Subj:   Re: SHK 5.0014  Re: E-Mail: A Thin Communication Medium?
 
(2)     From:   William Godshalk <GODSHAWL@UCBEH>
        Date:   Sunday, 09 Jan 1994 21:49:13 -0500 (EST)
        Subj:   Re: SHK 5.0017  Re: Thinness
 
 
(1)----------------------------------------------------------------------------
From:           Steve Urkowitz <SURCC@CUNYVM>
Date:           Sunday, 09 Jan 94 21:02:25 EST
Subject: 5.0014  Re: E-Mail: A Thin Communication Medium?
Comment:        Re: SHK 5.0014  Re: E-Mail: A Thin Communication Medium?
 
----------hmmmmm--------a thin communication medium.  Seems like what we used
to call "a script."  Seems like those old players used to have their writers
sit down with them and read the scripts out loud, all the way through, maybe
to avoid confusion in the distribution system when all networks were down.  One
way to thicken communication, whether face-to-face or in the thin atmosphere of
scripted transmission, is to offer a quizzical "hey, wha'?"  And then the
script writer tries again, louder, or clearer, or different.  Sometimes we call
that second shot "revision."  Or sometimes, without the listeners' prompts, we
can think of it as a recursive or redundant style, as the writer or speaker
listens to herself and goes back over the same ground.  You might like to look
at a neatly scripted instance: the line where the gravedigger scans the thin
medium of Yorick's skull, trying to find its wit.  It and its context appear
three different ways in Q1, Q2 and F HAMLET, and I'd argue that we'd get a
"thicker" experience of HAMLET if editors would think to lay these redundancies
out for us to see .  But that would be asking editors to open up multiple
possibilities where they instead feel obliged to present straight and narrowly
unambiguous text, authoritative text.  Ah, well.
 
                           Joy of the New Year to all,
                               Steve Urthickowitz SURCC@CUNYVM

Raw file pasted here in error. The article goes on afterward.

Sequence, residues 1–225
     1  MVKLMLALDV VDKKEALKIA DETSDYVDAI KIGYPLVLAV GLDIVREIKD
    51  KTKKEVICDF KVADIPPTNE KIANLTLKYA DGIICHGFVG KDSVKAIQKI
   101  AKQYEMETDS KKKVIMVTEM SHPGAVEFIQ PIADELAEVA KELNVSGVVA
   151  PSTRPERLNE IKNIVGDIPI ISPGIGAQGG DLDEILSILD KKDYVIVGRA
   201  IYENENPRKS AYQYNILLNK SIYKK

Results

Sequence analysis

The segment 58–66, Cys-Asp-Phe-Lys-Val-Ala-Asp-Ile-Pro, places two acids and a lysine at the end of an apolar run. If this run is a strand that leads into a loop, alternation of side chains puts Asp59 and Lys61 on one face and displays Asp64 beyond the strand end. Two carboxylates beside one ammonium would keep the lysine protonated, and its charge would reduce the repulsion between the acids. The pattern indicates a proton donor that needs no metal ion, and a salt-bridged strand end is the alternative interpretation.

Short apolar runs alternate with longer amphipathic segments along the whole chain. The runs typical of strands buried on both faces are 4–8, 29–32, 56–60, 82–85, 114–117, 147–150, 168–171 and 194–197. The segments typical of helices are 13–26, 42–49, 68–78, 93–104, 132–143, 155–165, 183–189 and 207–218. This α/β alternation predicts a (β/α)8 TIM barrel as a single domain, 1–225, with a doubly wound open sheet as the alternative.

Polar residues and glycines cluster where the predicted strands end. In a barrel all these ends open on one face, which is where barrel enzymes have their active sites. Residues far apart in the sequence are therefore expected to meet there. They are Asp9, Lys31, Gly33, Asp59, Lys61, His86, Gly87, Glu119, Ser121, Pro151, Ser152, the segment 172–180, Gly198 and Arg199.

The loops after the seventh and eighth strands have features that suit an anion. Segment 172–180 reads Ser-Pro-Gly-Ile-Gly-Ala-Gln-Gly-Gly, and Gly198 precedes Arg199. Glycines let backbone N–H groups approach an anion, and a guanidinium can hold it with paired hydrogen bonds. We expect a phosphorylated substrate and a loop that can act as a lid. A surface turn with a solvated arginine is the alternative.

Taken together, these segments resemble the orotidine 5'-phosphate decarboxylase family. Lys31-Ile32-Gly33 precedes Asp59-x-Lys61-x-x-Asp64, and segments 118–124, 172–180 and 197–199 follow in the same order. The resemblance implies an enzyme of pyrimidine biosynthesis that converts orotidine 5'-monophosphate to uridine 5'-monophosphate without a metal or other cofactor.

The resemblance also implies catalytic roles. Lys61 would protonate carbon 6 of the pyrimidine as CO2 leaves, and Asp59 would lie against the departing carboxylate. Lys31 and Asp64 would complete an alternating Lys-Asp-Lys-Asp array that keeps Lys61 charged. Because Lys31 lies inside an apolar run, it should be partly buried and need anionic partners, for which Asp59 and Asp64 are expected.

(2)----------------------------------------------------------------------------
From:           William Godshalk <GODSHAWL@UCBEH>
Date:           Sunday, 09 Jan 1994 21:49:13 -0500 (EST)
Subject: 5.0017  Re: Thinness
Comment:        Re: SHK 5.0017  Re: Thinness
 
Jim McKenna reminds me of Walker Percy. Need we be reminded that we are all
Lost in the Cosmos, and that the person we know best in this world remains the
primary mystery for us? If we were to live inside Jonson's skin, inside Joyce's
brain, what would we know that we don't already know? The question is only one
half rhetorical.
 
Yours, Bill Godshalk

Model for Multimedia Shakespeare

Shakespeare Electronic Conference, Vol. 5, No. 0018.  Sunday, 9 January 1994.
 
From:           Mathilda M. Hills <This email address is being protected from spambots. You need JavaScript enabled to view it.>
Date:           Sunday, 09 Jan 94 16:43:47 EST
Subject:        Model for Multimedia Shakespeare
 
A CD-ROM based multimedia novella for the MacIntosh, reviewed in the
November 1993 *Computer Gaming World*, pp. 36-38, looks as if it might
serve as a model for multimedia Shakespeare.  The reviewer, Maxwell
Eden, writes, *The Madness of Roland* . . . offers a dynamic medium for
interpreting the written word, while exposing the intriguing tapestry of
medieval knights, sorcery and romance to an entirely new, computer
literate and mature audience.   Combining an electronic book format with
elements of a movie, *The Madness of Roland* is a pastiche of
technology, interwoven with a rich use of language, classical works of
art and contemporary images. . . . Primarily text-based, *Roland* is
creatively embellished . . . featuring QuickTime video (which lets the
Macintosh play back movies like a VCR), original film and music,
256-color graphics, . . .animation, sound effects plus character
narration performed by actors.
 
This sounds too good to be true. It is available from Compton's New
Media at 800/862-2206.  (I have no commercial interest in the product or
the company.)
 
Remembering last year that fellow SHAKSPERian Michael Best was engaged
in a multimedia Shakespeare project, I thought this item would be of
interest.
 
Mathilda Hills, University of Rhode Island